Majority of freed prisoners were not charged

As dozens of children have been released from Israeli captivity over the course of the week-long truce, more information has come to light about the child prisoners who were recently freed.

In addition to numerous testimonies from freed Palestinian detainees of torture, physical and psychological abuse, and sleep and food deprivation inside Israeli prisons, it has been reported that a majority of the freed prisoners were not actually charged with a crime.

According to a report from The Interceptanalysis of data provided by the Israeli Prison Service (IPS) showed that of the Palestinian prisoners Israel proposed for potential release in the exchange deal, 233 of 300 of them have not been convicted of any crimes, and were simply  categorized simply as “under arrest.”

According to Al Jazeera, the youngest administrative detainee on Israel’s release list was a 14-year-old child.

Rights groups estimate that at the end of November, there were around 2,300 administrative detainees in Israeli prisons, the majority of whom were arrested after October 7.

So, why target children?

Even with the overwhelming documentation of rights abuses and violations carried out by Israel against children and the knowledge that so many children are put through a grueling military system without ever being charged with the crime, for many, the main question still remains: why?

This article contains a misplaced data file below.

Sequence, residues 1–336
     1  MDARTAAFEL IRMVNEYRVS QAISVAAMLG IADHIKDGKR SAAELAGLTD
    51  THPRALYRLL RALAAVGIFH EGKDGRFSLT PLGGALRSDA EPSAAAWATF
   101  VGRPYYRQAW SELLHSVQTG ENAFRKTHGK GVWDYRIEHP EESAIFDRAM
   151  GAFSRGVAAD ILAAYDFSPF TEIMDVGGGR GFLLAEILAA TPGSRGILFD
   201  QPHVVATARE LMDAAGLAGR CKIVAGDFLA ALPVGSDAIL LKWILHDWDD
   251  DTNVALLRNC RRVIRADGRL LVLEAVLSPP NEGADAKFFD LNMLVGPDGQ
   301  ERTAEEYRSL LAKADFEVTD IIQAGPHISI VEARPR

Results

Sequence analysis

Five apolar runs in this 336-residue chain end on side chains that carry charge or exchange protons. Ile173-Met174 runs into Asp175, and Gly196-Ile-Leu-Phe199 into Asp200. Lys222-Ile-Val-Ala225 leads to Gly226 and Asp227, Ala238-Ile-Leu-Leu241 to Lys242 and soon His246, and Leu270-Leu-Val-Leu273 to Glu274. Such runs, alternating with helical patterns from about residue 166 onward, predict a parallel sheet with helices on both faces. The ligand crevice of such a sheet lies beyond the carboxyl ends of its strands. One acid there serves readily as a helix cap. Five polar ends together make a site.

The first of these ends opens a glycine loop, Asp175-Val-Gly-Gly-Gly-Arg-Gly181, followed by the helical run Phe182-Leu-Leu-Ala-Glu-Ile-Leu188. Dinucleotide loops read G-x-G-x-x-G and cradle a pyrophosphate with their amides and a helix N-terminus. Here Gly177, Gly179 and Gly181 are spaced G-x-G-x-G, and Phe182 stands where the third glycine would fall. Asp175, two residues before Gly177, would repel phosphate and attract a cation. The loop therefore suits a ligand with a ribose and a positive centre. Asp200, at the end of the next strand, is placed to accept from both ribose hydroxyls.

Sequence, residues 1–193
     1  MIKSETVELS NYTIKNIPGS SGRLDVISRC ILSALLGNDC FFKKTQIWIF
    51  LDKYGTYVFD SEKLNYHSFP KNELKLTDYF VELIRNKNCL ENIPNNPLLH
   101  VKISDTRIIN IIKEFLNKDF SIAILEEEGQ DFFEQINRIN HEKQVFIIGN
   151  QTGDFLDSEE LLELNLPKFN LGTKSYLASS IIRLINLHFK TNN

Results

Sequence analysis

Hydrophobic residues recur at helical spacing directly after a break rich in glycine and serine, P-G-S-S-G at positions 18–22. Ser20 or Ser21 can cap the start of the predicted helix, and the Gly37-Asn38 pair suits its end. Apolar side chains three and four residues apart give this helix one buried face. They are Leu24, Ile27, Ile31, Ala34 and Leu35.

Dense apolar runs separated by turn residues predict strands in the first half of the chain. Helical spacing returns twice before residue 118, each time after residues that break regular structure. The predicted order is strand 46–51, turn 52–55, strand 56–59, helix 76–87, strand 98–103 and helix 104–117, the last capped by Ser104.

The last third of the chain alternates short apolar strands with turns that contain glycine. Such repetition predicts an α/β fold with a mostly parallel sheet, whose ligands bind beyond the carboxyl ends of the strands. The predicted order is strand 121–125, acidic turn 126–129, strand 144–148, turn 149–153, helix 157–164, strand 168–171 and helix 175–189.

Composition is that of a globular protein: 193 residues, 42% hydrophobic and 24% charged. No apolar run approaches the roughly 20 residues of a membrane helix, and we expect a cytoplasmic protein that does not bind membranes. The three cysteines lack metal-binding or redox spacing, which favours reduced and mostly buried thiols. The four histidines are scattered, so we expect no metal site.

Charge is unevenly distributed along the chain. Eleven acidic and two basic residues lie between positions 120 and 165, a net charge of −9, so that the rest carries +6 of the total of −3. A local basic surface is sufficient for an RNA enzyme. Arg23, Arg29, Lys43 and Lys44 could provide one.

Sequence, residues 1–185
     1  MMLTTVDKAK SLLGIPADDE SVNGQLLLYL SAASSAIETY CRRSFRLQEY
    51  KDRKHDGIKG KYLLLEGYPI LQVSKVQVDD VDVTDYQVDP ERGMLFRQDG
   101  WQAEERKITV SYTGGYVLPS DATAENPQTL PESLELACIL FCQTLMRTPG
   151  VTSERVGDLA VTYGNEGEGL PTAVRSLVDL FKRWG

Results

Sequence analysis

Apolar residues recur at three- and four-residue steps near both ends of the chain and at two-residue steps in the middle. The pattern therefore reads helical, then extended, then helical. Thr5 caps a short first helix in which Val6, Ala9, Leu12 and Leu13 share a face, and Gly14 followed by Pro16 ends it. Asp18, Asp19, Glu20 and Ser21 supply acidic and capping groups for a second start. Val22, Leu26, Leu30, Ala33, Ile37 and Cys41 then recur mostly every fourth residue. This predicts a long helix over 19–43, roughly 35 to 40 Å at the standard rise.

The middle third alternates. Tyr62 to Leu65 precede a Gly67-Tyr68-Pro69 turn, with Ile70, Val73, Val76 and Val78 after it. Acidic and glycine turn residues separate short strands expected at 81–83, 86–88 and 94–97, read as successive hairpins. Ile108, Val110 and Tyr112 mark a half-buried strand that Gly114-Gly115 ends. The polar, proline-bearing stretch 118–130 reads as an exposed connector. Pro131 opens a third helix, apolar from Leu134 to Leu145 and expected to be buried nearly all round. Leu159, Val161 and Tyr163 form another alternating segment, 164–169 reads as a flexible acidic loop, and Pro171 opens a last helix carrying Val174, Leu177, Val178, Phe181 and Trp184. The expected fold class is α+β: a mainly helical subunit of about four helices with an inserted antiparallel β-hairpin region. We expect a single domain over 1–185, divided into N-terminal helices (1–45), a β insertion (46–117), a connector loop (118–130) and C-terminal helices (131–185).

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Despite imprisoning dozens and dozens of children without charge, Israel maintains it imprisons “terrorists” and “criminals.” In reality, the mass incarceration and detention of children boils can simply be explained by one thing: control. To, as DCIP puts it, the “arbitrary deprivation of liberty.”

One of the best tactics Israel’s occupation can use in its subjugation of Palestinians is depriving them of their basic rights and liberties – in this case, through mass arrests and incarceration.

Under occupation, every aspect of Palestinian life is controlled by Israel. From where you can live, to which basic civil liberties you are afforded. Palestinian children grow up in a system where they witness arrests, killings, and collective punishment of family, friends, and community on a daily basis.

As a child, when you grow up with the knowledge that throwing a stone, going to a protest, becoming politically active, or even raising a Palestinian flag can land you in jail, or worse, get you killed, it might make you think twice before you dare to stand up against the violent occupation and apartheid regime that controls you.

If the actual threat of arrest does not succeed in its purpose of subjugation and control, then perhaps the further dehumanization of actual imprisonment will.

Upon leaving Israeli prison, Palestinian children routinely drop out of schooland many fall into a tragic pattern of re-imprisonment as their family and friends struggle to repair their relationships that were affected during the child’s isolation. For those who make it out alive, they face a new set of challengesincluding a “plethora of psychological symptoms such as depression, anxiety, trouble focusing, introversion, or aggressive behavior.”

The deprivation of the local population’s liberty, humanity, dignity, and civil rights as a method of control is not a novel tactic. It can be traced far and wide back to any historical context of apartheid and colonialism. When it comes to Palestinian children, Israel is no different.